Jessica Carney

I always find that this time of year creeps by the slowest. The charm of white wintery days has completely worn off, and yet spring’s warmth still feels far off. I stare gloomily out of frosty windows, ignoring the sounds of my kids running amok indoors, all of us pining for sun, heat, and new growth on the bare trees.

My husband and I have three boys under age 6; cabin fever is a near-lethal condition in our small house. The change in seasons can’t come soon enough.

This impatience for a sudden transformation plagues me in prayer, too. Recognizing the stony coldness of my heart, I ask God to look with mercy — to remake me in his image — to break open, heal, purify, and inflame me, to increase my love, hope and trust — just please to make me holy, whatever that requires. And I believe that God hears my prayers and will answer them with his approval.

But oh, how I long for him to act faster! I want to be good today, Lord — why am I still so lukewarm? Why do I keep committing the same old sins? Can’t you change me overnight with a sudden insight, or a radical vision, or perhaps a Grinch-like moment where my heart grows three sizes one day?

We modern people like efficiency. We like measurable improvements and quick, visible results. And God has infinite wisdom and power, so he should be able to just snap his fingers and get us to the very best result, right? Speedy and efficient! That’s what I keep hoping for in my spiritual life, but that’s not often what I get.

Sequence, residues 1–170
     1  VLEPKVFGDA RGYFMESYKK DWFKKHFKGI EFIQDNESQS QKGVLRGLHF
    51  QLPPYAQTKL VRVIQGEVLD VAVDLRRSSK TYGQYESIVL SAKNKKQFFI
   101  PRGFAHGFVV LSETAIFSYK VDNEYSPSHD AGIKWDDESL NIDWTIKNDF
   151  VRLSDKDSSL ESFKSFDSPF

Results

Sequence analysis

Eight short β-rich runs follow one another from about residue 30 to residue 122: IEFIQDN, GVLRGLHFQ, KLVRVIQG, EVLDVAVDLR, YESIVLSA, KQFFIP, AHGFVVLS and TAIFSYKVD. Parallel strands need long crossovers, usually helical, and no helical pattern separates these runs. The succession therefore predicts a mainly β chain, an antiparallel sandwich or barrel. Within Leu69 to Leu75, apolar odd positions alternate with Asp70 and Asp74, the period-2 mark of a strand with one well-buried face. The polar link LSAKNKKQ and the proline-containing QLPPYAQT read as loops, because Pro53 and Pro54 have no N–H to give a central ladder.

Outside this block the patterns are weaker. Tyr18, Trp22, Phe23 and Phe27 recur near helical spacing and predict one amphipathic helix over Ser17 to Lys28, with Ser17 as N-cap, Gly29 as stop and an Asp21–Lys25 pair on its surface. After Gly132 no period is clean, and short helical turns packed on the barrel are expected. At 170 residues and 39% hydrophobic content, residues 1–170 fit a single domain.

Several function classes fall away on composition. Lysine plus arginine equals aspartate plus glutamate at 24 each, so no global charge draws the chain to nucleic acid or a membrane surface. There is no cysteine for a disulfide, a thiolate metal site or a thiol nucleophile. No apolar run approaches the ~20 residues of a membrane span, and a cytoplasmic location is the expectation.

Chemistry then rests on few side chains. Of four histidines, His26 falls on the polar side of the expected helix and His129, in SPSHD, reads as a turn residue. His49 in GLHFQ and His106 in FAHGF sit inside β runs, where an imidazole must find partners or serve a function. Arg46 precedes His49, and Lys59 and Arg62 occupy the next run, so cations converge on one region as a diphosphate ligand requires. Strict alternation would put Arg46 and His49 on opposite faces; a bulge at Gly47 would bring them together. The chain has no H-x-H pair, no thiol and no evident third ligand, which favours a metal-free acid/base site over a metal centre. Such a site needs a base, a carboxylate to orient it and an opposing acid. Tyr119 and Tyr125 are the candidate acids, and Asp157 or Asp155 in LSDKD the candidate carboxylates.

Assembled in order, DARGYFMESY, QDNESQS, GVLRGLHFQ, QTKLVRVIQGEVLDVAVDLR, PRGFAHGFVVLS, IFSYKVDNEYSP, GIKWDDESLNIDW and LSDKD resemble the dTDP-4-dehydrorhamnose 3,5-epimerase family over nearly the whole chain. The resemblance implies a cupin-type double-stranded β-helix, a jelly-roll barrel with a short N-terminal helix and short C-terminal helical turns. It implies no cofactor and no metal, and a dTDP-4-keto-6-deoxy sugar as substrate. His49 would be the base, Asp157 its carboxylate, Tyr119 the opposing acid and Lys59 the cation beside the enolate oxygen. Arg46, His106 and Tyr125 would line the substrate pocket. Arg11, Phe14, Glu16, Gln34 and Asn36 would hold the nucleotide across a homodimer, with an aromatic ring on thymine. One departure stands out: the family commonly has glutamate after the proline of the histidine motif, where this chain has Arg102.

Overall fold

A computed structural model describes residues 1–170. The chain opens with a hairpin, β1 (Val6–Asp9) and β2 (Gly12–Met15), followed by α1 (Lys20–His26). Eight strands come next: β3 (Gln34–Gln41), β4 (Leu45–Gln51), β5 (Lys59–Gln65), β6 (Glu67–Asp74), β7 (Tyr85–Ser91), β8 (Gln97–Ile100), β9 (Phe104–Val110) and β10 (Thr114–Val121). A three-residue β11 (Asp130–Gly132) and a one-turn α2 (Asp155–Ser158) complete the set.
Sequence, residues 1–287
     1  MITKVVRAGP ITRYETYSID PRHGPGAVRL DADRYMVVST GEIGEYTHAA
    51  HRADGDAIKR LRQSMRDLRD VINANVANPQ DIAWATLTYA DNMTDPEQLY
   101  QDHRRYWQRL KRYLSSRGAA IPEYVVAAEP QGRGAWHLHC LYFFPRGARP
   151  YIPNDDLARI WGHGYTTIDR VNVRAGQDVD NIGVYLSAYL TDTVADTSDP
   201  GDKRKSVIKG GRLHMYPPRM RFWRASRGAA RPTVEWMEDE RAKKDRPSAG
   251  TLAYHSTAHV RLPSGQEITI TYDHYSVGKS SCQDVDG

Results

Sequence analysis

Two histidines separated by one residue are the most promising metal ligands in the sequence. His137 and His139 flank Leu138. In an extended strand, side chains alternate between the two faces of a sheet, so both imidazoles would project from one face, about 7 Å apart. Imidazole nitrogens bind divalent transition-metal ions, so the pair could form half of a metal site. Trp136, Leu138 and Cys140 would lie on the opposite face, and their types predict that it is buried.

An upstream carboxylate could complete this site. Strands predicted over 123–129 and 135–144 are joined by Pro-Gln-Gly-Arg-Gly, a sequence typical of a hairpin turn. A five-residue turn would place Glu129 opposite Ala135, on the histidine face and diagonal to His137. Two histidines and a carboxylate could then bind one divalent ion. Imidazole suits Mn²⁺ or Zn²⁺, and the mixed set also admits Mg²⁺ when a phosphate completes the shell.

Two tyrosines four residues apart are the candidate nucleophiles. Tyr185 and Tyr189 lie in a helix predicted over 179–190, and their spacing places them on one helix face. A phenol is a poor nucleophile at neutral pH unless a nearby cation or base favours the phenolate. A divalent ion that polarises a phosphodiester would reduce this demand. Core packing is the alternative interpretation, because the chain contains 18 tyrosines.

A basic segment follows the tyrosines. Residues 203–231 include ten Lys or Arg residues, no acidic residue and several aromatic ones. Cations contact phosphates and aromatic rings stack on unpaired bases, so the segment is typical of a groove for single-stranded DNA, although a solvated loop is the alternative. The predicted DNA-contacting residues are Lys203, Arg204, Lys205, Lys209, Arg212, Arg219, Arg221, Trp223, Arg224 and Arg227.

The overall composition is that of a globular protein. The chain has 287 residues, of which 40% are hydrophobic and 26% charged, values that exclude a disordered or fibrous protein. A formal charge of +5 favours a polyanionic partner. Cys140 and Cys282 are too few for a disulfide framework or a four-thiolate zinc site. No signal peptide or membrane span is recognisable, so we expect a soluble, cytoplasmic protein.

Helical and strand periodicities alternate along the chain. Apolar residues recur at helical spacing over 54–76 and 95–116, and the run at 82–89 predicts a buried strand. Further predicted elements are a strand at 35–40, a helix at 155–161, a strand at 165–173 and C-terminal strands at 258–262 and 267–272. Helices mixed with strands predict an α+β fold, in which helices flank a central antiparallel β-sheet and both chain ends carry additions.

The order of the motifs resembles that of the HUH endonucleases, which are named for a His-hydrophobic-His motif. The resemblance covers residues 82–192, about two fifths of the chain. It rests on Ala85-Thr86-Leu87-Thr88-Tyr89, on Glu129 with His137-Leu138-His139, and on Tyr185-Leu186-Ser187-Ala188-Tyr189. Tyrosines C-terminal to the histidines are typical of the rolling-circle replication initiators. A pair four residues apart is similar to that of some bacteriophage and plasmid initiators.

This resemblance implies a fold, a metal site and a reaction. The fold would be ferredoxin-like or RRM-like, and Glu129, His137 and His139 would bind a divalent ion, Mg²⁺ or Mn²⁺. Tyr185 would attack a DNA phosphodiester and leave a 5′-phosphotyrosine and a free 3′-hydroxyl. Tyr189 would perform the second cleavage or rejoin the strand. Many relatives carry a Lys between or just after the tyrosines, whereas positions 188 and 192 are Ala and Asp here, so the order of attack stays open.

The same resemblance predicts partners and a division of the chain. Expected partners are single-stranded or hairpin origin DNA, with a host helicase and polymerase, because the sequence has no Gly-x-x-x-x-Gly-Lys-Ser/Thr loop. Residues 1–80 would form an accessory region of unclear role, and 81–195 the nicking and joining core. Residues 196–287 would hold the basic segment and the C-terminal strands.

God looks at things so differently than we do. Where we want fast results, he builds a universe that takes billions of years for life to unfold, and then he waits for thousands of years of human experience before sending the revelation of his Son, and now (how many?) thousands of more years before we get to the Second Coming.

Life is simply not a race for God. He is patient, and seems to like to let things develop and ripen. He is not an industrialist, trying to maximize the efficiency of his production. No, he is more like a supreme Gardener, planting tiny seeds, watering with care, and slowly letting his creation send up shoots and tendrils that turn into fragrant blooms or mighty redwoods. There is no rushing that kind of growth.

I remind myself that God’s will is always at work, and that he can use every small circumstance of our lives to invite us to closer union with him. He is the Creator of every drop of rain (and flake of snow) that falls on the earth. Perhaps he asks us to water the garden of our souls with that many prayers, too, to prepare it for lush maturation.

God is patient, but not apathetic or wasteful; he nurtures us with loving care. Even at the times when it feels like we are wasting time in a barren spiritual winter, if we trust in him we can be assured of healthy growth and a fruitful harvest. Spring will come in God’s good time. Marana tha!